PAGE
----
After 25 years, producer Barney Rosenzweig is as passionate as ever about whipping up public support for his show "Cagney & Lacey," the 1980s-era police series about two female partners that was once saved from cancellation by viewer protest.
Case in point: a Sept. 20 article in The Times about the debt owed by current female-led dramas to Lynda LaPlante's "Prime Suspect." A Rosenzweig-led campaign brought at least a dozen angry, articulate e-mails to the writer and her editors.
"The failure of your apparent understanding of the significance of 'Cagney & Lacey' is alarming," wrote one, reflecting the general sentiment.
Particularly galling was a sentence in the article that described "Prime Suspect" as groundbreaking for placing a tough woman at the helm of her own unit and as "darker" than shows such as "Police Woman" and "Cagney & Lacey."
"I was horrified by what I saw as revisionist history by a very important publication," Rosenzweig said in an interview. His letter on his website, cagneyandlacey.com, used stronger language and urged fans to contact The Times. Some writers said they were also alerted on a Yahoo message site by his assistant. Some wrote before they had read the article.
Rosenzweig said he had been trying to persuade MGM to release DVDs of all six seasons of the show; only the first has come out so far. He said the show was the crowning achievement of his long career. "I used to be somebody," he said. "More articles like this and I'm relegated to a dustbin."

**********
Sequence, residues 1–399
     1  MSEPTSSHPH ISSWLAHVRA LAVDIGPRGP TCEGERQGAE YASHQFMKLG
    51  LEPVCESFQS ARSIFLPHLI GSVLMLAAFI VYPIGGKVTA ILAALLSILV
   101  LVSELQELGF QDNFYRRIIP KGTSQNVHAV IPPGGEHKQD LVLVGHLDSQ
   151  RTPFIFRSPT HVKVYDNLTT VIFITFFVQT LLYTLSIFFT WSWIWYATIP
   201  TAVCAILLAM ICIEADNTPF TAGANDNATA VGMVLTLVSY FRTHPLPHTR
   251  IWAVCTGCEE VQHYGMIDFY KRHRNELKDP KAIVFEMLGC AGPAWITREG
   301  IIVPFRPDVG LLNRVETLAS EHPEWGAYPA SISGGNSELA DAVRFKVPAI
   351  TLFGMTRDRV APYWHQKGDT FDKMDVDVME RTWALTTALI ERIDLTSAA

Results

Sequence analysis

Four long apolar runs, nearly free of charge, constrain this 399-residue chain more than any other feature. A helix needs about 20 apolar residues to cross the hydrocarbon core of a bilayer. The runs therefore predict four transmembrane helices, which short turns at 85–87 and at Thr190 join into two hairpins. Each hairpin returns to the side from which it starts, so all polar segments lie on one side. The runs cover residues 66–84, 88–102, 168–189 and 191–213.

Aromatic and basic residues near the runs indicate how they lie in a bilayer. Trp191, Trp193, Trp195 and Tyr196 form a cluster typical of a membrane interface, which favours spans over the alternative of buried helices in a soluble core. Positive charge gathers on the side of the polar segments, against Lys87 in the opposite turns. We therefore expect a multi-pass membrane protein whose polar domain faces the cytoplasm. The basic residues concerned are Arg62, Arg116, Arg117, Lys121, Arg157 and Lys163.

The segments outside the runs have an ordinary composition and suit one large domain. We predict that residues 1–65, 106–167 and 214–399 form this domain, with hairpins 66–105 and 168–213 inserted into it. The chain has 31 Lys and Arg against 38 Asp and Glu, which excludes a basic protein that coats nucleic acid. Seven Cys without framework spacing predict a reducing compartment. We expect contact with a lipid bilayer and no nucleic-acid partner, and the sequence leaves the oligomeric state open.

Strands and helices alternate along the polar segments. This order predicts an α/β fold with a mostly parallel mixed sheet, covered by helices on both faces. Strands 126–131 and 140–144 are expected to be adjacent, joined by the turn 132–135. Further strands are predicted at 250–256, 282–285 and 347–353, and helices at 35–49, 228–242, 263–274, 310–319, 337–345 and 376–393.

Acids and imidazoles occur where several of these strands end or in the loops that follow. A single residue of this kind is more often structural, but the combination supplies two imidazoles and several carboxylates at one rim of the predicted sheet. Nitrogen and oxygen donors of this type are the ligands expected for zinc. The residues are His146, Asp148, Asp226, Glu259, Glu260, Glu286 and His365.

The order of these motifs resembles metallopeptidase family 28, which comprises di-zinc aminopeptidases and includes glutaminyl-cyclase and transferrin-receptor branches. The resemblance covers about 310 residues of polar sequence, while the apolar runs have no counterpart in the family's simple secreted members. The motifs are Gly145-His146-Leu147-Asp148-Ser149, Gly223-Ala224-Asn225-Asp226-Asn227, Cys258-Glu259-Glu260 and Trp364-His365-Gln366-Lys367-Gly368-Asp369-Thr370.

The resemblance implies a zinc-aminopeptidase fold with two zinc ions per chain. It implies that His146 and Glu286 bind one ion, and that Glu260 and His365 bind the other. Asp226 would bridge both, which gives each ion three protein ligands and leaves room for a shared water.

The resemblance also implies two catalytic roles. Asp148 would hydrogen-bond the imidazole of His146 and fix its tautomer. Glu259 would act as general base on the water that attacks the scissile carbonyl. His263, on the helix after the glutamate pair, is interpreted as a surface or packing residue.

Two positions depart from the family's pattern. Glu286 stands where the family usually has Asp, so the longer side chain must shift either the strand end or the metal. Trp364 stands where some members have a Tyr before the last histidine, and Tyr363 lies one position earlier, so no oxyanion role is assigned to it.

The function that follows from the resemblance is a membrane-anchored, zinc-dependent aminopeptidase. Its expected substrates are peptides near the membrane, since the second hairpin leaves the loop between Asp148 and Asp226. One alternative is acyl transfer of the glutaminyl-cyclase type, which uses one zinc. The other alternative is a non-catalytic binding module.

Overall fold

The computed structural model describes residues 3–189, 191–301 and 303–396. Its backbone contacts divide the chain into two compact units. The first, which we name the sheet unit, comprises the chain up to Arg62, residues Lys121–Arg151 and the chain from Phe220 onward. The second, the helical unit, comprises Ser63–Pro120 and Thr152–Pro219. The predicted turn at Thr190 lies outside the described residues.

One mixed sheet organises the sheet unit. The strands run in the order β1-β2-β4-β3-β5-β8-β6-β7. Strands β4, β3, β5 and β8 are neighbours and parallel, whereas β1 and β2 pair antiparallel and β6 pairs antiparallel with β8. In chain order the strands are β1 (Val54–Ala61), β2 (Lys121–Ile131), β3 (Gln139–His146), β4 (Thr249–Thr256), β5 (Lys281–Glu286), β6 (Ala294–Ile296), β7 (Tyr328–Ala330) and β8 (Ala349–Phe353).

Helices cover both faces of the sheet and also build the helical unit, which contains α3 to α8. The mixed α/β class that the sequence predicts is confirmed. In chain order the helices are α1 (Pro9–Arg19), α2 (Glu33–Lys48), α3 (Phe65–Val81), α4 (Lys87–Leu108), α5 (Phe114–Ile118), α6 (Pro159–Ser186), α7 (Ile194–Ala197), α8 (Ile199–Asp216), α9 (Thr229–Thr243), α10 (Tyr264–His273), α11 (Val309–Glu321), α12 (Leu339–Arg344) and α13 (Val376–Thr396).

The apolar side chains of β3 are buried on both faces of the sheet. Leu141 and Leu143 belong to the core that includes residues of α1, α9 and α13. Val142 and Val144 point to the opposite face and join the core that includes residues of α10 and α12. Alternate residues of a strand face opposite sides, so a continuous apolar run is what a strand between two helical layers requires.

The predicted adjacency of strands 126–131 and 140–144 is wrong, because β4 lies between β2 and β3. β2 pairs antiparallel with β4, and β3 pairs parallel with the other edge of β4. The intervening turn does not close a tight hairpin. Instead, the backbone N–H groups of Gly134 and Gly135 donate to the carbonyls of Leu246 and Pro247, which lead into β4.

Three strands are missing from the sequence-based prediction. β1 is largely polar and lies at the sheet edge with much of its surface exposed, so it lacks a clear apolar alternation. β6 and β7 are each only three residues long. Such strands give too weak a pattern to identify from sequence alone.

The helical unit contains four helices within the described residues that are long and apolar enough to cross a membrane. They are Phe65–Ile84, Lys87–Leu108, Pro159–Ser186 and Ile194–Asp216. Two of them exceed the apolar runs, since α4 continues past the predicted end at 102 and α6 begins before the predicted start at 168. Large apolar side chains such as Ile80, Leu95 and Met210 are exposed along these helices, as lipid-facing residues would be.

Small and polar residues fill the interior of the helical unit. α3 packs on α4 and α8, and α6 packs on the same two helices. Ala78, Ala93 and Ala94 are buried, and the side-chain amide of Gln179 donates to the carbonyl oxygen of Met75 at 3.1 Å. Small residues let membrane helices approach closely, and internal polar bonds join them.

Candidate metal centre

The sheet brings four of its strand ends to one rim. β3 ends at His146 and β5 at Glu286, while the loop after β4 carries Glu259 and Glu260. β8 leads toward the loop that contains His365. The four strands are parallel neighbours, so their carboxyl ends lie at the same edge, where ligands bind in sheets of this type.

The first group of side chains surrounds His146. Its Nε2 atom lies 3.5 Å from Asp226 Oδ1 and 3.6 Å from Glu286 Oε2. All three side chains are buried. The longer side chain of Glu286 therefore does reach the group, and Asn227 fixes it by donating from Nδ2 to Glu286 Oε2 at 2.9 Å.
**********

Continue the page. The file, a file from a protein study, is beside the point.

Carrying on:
In 1983, before the widespread use of computers, he sparked a letter-writing campaign that resulted in CBS rescinding its cancellation of the show for a "lack of broad appeal." At a time when there were only three major networks, the show reached 12.6 million households a week. It stayed on the air until 1988.
The trade paper Variety was similarly swamped with mail when it linked the current rise of women on television to "Prime Suspect," said TV reporter Cynthia Littleton.
In some cases, fans feel a connection with the show because they helped save it from cancellation, and also because it was good, Littleton said. "It was consistently well written and it had not one but two fantastic female stars," she said, referring to Sharon Gless, who played Chris Cagney (and who is married to Rosenzweig), and Tyne Daly, who played Mary Beth Lacey. The series did break ground in the way the partners struggled in a traditionally male-dominated field, tackled social issues and related to one another, she said.
Piper Charles, 54, a retired police officer in Charlotte, N.C., said she watched the original episodes, videotaped them and has been watching regularly ever since. "It's almost like an addiction," she said. "I watch them every day."
A spokesperson for MGM and 20th Century Fox Home Entertainment, which released the first season of "Cagney & Lacey" on DVD, said the company had not set a date for releasing more episodes.Copyright © 2014, The Baltimore Sun